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Bunkle Castle

(variously Boncle, Bonkil or Bonkyl)


Remains of Bunkle Castle

Although only a few yards from the road from Duns to Reston it is very easy, particularly in summer time, to drive
past the not exactly inspiring remains of Bunkle Castle without even noticing although at one time the building
must have been quite an imposing structure. Built on what has been described as a natural knoll but perhaps a
Norman motte the Castle has a long history as borne out by the well known Berwickshire rhyme;

'Bunkle, Billie and Blanairne
Three castles strong as airn
Built when Davie was a Bairn
They'll all gang doon,
W' Scotland's Croon
An ilka ane shall be a cairn'

The Davie referred to would be King David 1 of Scotland (1084 to 1153). More or less all trace has been lost of
both Billie and Blanairne and even their exact location is in dispute.
The earliest records show the Castle as belonging to Sir Alexander de Bonkle and there is a legend concerning how the original owner refused to pay the builder who in revenge gained access to the Castle by subterfuge while
the Lord was absent and slew his wife and their baby. R. G. Johnston managed to tack down a ballad recounting
these events extending to 34 verses and this was published in the History of the Berwickshire Naturalists' Club
Vol.33 1953. A copy is in the Society Archives.


However in 1298 through marriage the property came into the possession of Sir John Stewart second son of
Alexander, the Steward of Scotland who was created Earl of Angus by Robert the Bruce. Later again through
marriage it passed into the hands of the Douglases.
Archibald the Sixth Earl of Angus in 1514 married Margaret sister of Henry V111 of England and widow of King
James 1V of Scotland who had died at Flodden the previous year. This was a highly unpopular marriage and the
marriage itself soon ran into difficulty so much so that Angus fled to England for safety. In 1524 he returned to
Bonkyl and wrote a letter to his wife trying to effect a reconciliation. The letter (State Papers, Record Series Vol
1V p.217) commences;


Madam,"In my most humble and lowly manner I commend my service to your Grace. It will please your Grace to know that I have been with the King your brother the which is one of the most cristened (Christian) Princes and his Grace has entreated me so marvellous well that he hath addebted me to do his Grace service and honour so far as lies in my power - mine allegiance accepted to the King (James V of Scotland) and your Grace...." and finishes "At Bonkle the first day of November by the hand of your humble servant. Angus"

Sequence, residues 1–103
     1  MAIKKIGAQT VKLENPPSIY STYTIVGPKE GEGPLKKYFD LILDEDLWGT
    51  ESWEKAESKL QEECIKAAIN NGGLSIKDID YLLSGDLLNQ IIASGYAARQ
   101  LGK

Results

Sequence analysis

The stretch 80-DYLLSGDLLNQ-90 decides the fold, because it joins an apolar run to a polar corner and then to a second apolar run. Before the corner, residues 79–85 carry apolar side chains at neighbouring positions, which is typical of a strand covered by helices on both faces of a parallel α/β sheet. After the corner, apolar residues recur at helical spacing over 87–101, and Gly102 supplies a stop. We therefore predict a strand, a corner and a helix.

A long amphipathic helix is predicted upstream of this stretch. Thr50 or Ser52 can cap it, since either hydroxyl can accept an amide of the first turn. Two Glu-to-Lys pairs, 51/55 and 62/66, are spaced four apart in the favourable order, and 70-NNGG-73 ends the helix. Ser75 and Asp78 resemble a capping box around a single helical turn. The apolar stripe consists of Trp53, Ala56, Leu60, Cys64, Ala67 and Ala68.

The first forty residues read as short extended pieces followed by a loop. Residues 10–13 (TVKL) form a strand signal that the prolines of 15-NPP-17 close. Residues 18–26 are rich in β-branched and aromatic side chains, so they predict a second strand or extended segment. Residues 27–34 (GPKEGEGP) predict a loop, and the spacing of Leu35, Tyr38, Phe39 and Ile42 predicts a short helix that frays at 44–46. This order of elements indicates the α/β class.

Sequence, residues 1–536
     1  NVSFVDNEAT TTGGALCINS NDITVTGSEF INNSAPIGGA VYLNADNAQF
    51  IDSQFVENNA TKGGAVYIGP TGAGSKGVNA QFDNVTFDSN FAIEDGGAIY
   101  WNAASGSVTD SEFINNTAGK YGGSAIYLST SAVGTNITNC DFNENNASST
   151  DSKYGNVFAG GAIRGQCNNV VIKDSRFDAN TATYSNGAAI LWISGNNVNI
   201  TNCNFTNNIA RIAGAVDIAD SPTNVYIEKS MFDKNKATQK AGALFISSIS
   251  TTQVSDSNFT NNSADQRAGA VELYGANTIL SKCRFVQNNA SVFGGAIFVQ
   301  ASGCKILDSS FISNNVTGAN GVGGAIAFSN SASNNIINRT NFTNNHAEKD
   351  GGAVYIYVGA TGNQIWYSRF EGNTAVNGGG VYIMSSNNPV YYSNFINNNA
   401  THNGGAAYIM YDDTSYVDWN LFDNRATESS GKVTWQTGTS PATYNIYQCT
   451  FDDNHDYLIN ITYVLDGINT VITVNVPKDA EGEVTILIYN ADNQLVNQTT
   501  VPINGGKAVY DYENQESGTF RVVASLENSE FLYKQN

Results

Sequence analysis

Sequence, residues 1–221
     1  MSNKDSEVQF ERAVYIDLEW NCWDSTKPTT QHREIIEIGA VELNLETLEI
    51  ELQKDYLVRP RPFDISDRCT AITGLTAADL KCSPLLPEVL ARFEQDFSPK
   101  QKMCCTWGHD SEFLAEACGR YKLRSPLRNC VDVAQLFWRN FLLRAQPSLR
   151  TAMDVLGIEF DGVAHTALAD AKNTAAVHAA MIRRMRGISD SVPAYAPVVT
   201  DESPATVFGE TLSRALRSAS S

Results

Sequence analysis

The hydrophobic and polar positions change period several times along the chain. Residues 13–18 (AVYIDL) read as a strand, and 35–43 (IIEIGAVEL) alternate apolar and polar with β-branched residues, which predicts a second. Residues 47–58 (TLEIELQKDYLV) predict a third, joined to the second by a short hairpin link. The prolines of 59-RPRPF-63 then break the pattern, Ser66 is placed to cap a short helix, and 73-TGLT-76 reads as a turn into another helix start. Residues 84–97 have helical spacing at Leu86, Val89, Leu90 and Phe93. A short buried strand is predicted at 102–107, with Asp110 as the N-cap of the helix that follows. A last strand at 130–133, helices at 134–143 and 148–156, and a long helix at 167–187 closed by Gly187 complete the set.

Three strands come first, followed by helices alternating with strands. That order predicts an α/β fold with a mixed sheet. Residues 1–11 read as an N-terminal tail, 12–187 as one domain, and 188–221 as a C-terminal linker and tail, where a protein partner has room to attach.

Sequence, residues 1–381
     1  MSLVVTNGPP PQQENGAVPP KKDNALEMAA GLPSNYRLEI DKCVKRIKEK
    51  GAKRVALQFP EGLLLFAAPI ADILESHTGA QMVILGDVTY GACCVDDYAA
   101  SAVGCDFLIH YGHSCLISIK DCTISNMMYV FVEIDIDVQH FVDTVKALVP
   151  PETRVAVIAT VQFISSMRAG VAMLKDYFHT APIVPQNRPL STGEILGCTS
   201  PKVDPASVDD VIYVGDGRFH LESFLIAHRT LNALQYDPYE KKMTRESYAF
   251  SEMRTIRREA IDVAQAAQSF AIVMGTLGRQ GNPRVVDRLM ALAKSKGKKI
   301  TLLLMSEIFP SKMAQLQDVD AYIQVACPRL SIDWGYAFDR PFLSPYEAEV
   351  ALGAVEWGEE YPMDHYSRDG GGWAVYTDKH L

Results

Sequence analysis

However even by the time of the Second Statistical Report (1834-45) the Castle had already fallen into a very
ruinous state, the Report, written by the minister of the Parish the Rev. Archibald McConechy recording;
"Of the ancient Castle of Bunkle, once the residence of the Stewarts only small vestiges remain. It seems to have
been a place of considerable strength, surrounded with a moat, which is now greatly filled up"


A Report of the Royal Commission on the Ancient and Historical Monuments of Scotland records in 1972;
"The remains of Bunkle Castle occupy a natural knoll which has been artificially scarped and levelled and has a
ditch on the north, west and south sides. All that survives of the Castle is a stretch of curtain wall running north to
south 20 meters long by up to 1.2m high and up to 1.6 meters thick and on the north west a large portion of
masonry 4.0 meters long by 4.0 meters high and 1.0 meter thick. The interior is irregular and overgrown and no
buildings or wall can be identified. The Castle is approached on the north west by a causeway and there is also a
possible entrance in the south, indicated by a distinct break in the steep scarp"
However at one time there must have been quite a settlement around the Castle (which accounts for the location
of the Parish Church of Bunkle) almost adjacent the Castle but now in a completely isolated rural situation.
It would appear that most or many of the inhabitants were wabsters (weavers) and there has survived the
following not exactly complimentary rhyme regarding their wives;

The Wabsters' Wives of BunkleLaird i' the midden up to the knees,

The clartiest clatches1 within the four seas,

Smellin' o' peat-reek oot and in

Bleared2 and girnin' 3 yellow and dun,

Beardy and runkled4 grisly and grim

Fu' o' shern 5 up to the chin

The wabsters' wives o' Bunkle toon

Wad frichten the Turks or auld Mahoun6

And boulie-backed7 Tam o' the Green

His wife was wi' the  Deil yestreen.

And gray-faced barkin't sutor Gibb

Wi' a' the wives is unco sib8

And barmy breeks o' Lintlaw Mill

Grips deep o' the mooter9 for his yill10

and Pate o' the Mains your wife's a witch

She's fa'en i' the fyre and burnt her mutch11

 1= slut 2= debauched looking 3=whining 4=wrinkled 5=cow dung 6 = The Devil 7= hunchbacked 8= unduly friendly 9 =multures (duty paid for the milling of grain) 10 = ale 11= a tight fitting bonnet. 

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